Nim-7 game for an adult and child. Who will be the one to take the last counter?
Investigate the sum of the numbers on the top and bottom faces of a line of three dice. What do you notice?
Can you see why 2 by 2 could be 5? Can you predict what 2 by 10 will be?
Place the numbers from 1 to 9 in the squares below so that the difference between joined squares is odd. How many different ways can you do this?
Can you work out how to win this game of Nim? Does it matter if you go first or second?
Sweets are given out to party-goers in a particular way. Investigate the total number of sweets received by people sitting in different positions.
How many ways can you find to do up all four buttons on my coat? How about if I had five buttons? Six ...?
Use your addition and subtraction skills, combined with some strategic thinking, to beat your partner at this game.
Only one side of a two-slice toaster is working. What is the quickest way to toast both sides of three slices of bread?
In this problem we are looking at sets of parallel sticks that cross each other. What is the least number of crossings you can make? And the greatest?
This challenge, written for the Young Mathematicians' Award, invites you to explore 'centred squares'.
Here are some arrangements of circles. How many circles would I need to make the next size up for each? Can you create your own arrangement and investigate the number of circles it needs?
In this game for two players, the idea is to take it in turns to choose 1, 3, 5 or 7. The winner is the first to make the total 37.
This activity involves rounding four-digit numbers to the nearest thousand.
Find a route from the outside to the inside of this square, stepping on as many tiles as possible.
Can you make dice stairs using the rules stated? How do you know you have all the possible stairs?
This task follows on from Build it Up and takes the ideas into three dimensions!
Can you find all the ways to get 15 at the top of this triangle of numbers?
Stop the Clock game for an adult and child. How can you make sure you always win this game?
Strike it Out game for an adult and child. Can you stop your partner from being able to go?
This challenge focuses on finding the sum and difference of pairs of two-digit numbers.
Find the sum and difference between a pair of two-digit numbers. Now find the sum and difference between the sum and difference! What happens?
Watch this video to see how to roll the dice. Now it's your turn! What do you notice about the dice numbers you have recorded?
Got It game for an adult and child. How can you play so that you know you will always win?
A game for two people, or play online. Given a target number, say 23, and a range of numbers to choose from, say 1-4, players take it in turns to add to the running total to hit their target.
Find out what a "fault-free" rectangle is and try to make some of your own.
Watch this film carefully. Can you find a general rule for explaining when the dot will be this same distance from the horizontal axis?
Find the sum of all three-digit numbers each of whose digits is odd.
A game for 2 players with similaritlies to NIM. Place one counter on each spot on the games board. Players take it is turns to remove 1 or 2 adjacent counters. The winner picks up the last counter.
What happens when you round these three-digit numbers to the nearest 100?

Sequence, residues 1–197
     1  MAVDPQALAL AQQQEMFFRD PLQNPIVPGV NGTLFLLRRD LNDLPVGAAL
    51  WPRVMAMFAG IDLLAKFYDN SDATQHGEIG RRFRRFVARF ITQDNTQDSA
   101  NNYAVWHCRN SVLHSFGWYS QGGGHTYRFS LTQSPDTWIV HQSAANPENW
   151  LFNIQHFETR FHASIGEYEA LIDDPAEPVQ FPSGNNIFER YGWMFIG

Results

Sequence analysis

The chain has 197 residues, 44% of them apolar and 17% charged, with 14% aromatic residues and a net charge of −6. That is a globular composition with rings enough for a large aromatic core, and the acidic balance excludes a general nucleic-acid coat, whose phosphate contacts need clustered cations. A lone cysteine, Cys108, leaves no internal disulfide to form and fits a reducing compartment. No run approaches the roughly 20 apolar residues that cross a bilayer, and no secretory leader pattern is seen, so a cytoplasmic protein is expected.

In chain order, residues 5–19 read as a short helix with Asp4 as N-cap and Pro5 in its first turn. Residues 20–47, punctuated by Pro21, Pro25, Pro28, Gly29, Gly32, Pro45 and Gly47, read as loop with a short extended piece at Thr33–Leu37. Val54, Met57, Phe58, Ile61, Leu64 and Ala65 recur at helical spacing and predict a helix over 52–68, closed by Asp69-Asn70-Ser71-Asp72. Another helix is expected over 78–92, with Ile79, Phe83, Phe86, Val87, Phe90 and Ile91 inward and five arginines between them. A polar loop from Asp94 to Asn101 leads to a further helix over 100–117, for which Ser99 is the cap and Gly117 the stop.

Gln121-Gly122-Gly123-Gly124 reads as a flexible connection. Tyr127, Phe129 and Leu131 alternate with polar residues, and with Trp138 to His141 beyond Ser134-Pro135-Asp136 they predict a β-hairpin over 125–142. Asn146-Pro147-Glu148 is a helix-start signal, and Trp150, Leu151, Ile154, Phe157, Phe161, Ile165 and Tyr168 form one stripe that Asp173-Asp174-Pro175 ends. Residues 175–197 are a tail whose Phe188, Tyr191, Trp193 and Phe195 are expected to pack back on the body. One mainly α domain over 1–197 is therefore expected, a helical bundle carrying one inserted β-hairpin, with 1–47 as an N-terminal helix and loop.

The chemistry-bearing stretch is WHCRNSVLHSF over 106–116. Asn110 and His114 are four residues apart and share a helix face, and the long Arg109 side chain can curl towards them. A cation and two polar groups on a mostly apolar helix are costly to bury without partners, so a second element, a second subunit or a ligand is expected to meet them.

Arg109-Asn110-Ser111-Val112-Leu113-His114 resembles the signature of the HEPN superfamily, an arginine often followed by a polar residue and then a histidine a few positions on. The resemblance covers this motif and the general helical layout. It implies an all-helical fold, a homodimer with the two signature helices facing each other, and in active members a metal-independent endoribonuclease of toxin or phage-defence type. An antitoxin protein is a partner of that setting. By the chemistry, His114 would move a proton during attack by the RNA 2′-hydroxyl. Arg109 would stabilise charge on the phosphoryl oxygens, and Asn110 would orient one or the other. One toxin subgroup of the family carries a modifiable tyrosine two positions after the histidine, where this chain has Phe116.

Use two dice to generate two numbers with one decimal place. What happens when you round these numbers to the nearest whole number?
This challenge asks you to imagine a snake coiling on itself.
Polygonal numbers are those that are arranged in shapes as they enlarge. Explore the polygonal numbers drawn here.
Tom and Ben visited Numberland. Use the maps to work out the number of points each of their routes scores.
In how many different ways can you break up a stick of 7 interlocking cubes? Now try with a stick of 8 cubes and a stick of 6 cubes.
The NRICH team are always looking for new ways to engage teachers and pupils in problem solving. Here we explain the thinking behind maths trails.
This challenge is about finding the difference between numbers which have the same tens digit.
It starts quite simple but great opportunities for number discoveries and patterns!
Put the numbers 1, 2, 3, 4, 5, 6 into the squares so that the numbers on each circle add up to the same amount. Can you find the rule for giving another set of six numbers?
Are these statements relating to odd and even numbers always true, sometimes true or never true?
What happens if you join every second point on this circle? How about every third point? Try with different steps and see if you can predict what will happen.
How many different journeys could you make if you were going to visit four stations in this network? How about if there were five stations? Can you predict the number of journeys for seven stations?
We can arrange dots in a similar way to the 5 on a dice and they usually sit quite well into a rectangular shape. How many altogether in this 3 by 5? What happens for other sizes?
In a Magic Square all the rows, columns and diagonals add to the 'Magic Constant'. How would you change the magic constant of this square?
This is a game for two players. Can you find out how to be the first to get to 12 o'clock?
Take a counter and surround it by a ring of other counters that MUST touch two others. How many are needed?
This challenge encourages you to explore dividing a three-digit number by a single-digit number.
Can you dissect an equilateral triangle into 6 smaller ones? What number of smaller equilateral triangles is it NOT possible to dissect a larger equilateral triangle into?
What can you say about these shapes? This problem challenges you to create shapes with different areas and perimeters.
If there are 3 squares in the ring, can you place three different numbers in them so that their differences are odd? Try with different numbers of squares around the ring. What do you notice?